The New Hampshire High School Redesign effort has spanned a number of years, beginning with an extensive review of current practice and hoped-for reform in 2004, and even before that with the development and implementation of New Hampshire's Competency Based Assessment System in 1997-2003.
In early 2004, after some months of planning on the state and national level, and supported with small grant resources from the U.S. DOE Office of Vocational and Adult Education, the New Hampshire Department of Education formed a HS Reform Leadership group to begin planning implementation for statewide efforts. This ad-hoc group, comprised of educational leaders, school administrators, district administrators, educators, and community members, resulted in a planning outline.
The committee planned an education summit, which the DOE organized and conducted, to collect data and input on several aspects of high school redesign, including personalization, rigor, and relevance. The report on this input can be found in detail in the Preliminary Report on High School Redesign .
The commitment and enthusiasm for reform in New Hampshire's secondary schools expressed by the participants spurred the department to both initiate substantive changes and to vigorously seek further funding for the efforts. The state's effort continued in three concurrent avenues
Some of the Minimum Standards for School Approval that influence redesign in high schools are included in a series of Technical Advisories, put out by the department:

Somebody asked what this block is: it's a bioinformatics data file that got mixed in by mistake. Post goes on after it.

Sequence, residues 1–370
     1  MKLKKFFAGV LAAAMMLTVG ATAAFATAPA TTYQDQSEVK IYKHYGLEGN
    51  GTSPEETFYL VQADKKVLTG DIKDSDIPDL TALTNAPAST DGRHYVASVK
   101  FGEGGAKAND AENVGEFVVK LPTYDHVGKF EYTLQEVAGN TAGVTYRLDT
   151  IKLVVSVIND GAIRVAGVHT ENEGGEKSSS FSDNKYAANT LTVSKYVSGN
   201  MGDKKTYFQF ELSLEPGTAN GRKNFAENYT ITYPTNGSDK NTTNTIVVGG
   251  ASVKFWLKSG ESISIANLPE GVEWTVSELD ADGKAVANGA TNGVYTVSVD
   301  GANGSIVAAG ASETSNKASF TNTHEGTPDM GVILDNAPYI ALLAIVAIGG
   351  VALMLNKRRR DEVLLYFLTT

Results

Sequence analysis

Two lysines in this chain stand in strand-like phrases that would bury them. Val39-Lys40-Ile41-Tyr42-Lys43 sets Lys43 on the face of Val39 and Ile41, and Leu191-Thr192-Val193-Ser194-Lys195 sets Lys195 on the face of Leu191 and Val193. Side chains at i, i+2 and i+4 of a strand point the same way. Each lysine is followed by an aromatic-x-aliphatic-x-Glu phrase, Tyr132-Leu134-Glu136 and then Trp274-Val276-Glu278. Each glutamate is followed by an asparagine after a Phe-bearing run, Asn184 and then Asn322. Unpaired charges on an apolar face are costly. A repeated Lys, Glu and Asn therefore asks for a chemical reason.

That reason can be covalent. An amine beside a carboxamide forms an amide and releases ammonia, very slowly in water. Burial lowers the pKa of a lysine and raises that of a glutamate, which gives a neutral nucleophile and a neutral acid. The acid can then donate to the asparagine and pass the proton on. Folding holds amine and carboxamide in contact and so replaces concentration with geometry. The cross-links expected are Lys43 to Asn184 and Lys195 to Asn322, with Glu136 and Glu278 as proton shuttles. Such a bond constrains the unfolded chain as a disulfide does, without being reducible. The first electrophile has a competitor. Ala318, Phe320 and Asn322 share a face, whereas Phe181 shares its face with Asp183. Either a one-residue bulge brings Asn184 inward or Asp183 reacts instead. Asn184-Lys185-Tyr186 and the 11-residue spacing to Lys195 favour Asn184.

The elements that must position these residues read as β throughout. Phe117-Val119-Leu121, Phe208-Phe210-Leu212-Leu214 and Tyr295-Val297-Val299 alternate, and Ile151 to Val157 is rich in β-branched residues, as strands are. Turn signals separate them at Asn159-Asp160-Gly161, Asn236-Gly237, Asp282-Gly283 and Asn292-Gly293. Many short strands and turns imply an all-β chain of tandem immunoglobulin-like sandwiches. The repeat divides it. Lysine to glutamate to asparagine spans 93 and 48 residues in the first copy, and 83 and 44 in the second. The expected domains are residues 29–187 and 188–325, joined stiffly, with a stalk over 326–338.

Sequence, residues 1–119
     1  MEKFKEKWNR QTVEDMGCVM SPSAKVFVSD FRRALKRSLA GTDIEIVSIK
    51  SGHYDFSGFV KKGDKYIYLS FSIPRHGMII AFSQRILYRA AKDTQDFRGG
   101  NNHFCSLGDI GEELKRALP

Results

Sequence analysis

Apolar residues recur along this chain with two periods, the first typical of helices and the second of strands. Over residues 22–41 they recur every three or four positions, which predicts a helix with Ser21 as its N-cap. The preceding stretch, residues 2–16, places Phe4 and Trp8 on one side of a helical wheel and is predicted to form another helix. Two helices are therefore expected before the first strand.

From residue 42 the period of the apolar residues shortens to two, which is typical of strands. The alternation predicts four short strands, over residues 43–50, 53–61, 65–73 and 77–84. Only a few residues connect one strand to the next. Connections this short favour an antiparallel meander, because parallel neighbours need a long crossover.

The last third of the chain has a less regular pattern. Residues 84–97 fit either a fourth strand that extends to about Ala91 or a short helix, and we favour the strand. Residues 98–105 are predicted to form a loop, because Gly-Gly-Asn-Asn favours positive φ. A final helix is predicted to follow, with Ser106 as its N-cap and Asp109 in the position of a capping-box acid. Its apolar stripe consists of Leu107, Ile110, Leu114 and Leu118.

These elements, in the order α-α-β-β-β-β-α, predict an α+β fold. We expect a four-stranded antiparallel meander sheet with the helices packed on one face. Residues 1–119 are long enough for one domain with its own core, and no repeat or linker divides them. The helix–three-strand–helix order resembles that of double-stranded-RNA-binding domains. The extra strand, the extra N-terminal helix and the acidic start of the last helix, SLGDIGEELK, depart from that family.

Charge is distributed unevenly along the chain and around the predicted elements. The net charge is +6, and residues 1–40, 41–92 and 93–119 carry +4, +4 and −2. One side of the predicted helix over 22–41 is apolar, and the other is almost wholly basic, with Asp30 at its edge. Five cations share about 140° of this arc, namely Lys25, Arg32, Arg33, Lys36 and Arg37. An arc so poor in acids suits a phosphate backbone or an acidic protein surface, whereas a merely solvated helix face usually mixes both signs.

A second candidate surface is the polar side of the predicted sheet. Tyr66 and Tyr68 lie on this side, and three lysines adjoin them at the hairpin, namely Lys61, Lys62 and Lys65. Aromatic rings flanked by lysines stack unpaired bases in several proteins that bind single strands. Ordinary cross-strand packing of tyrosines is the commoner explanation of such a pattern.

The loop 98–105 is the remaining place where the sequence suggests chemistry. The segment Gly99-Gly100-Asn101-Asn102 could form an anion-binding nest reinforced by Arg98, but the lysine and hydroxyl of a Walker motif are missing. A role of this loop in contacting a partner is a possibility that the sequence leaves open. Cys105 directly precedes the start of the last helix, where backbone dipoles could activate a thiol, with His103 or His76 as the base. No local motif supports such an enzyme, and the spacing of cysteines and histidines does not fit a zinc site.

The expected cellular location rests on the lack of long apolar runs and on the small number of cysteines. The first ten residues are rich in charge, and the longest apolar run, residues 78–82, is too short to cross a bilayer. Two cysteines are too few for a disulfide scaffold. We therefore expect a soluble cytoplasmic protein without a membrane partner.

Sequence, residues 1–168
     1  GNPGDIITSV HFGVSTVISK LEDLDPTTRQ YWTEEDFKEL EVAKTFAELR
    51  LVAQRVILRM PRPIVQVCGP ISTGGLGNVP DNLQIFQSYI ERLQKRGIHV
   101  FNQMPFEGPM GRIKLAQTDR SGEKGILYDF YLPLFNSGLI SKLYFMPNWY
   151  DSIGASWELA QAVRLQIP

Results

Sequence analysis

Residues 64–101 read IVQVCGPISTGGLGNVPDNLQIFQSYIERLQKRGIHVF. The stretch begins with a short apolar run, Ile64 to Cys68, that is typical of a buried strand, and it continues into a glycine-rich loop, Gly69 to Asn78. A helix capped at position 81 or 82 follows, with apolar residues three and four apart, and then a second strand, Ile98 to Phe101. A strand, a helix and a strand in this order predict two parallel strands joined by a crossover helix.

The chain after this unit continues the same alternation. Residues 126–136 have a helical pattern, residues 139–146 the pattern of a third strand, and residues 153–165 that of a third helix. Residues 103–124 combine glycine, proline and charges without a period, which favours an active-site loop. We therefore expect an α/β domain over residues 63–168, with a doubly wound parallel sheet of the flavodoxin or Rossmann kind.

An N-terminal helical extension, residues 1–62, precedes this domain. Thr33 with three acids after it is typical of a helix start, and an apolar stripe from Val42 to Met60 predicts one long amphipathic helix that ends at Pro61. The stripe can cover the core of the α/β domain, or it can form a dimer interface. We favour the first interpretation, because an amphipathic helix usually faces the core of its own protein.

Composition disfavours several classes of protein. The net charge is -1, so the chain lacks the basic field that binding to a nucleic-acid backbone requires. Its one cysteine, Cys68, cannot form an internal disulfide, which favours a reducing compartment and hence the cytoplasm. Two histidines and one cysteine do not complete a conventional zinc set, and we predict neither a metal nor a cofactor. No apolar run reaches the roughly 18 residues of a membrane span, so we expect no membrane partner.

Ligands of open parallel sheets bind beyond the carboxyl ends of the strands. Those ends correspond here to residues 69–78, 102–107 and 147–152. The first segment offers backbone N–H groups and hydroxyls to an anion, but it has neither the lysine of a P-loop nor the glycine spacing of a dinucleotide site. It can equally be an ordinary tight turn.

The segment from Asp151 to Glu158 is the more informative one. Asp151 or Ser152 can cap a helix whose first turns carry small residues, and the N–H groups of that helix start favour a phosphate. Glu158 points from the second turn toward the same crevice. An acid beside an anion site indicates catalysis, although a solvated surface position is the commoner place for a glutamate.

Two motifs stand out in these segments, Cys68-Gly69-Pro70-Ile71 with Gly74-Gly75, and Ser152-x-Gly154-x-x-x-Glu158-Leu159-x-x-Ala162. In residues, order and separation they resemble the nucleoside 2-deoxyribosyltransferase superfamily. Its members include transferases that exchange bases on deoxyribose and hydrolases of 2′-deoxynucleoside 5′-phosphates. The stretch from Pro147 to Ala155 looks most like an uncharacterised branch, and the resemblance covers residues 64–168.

|Advisory #6||Required Subjects and Credits for High School Graduation (Algebra Credit ) (Issued March 30, 2006)|
|Advisory #7 (Ed 306.21 has been changed and now includes the information in this advisory)||Off-Site Programs (Issued April 6, 2006) Revised August 10, 2007|
|Advisory #8||Social Studies (Table 306-2) what students need to take in order to graduate (Issued April 6, 2006)|
|Advisory #12||Competency Assessment of Student Mastery (Issued May 2, 2006)|
|Advisory #16||Alternative Pathways to Graduation (Issued August 10, 2007)|
|Advisory #17||Student Accounting (Issued August 10, 2007)|
Some significant policy-level changes are included in the Minimum Standards for School Approval, including the requirement that high school course credit be awarded as a result of assessment of each student's mastery of course-level competencies for the course. The department, from the time of the rules' adoption in July 2005 through the rules' implementation starting in the beginning of the school year 2008/2009, and beyond, has provided and will continue to provide technical assistance and support both directly and through other professionals and organizations such as the New Hampshire Association of School Principals (NHASP) and the Concord Area Center for Educational Support (CACES) for the implementation of these rules.
The department has been working closely with CACES on training and development for schools on the required high school course level competencies. Examples, samples, work groups, collaboratives, trainings and other resources are available in a variety of ways from CACES.
In addtion to the work on course level competencies, many schools are engaged in developing or enhancing their Extended Learning Opportunities (ELO) for students. More information can be found in the ELO Frequently Asked Questions (FAQ) document.
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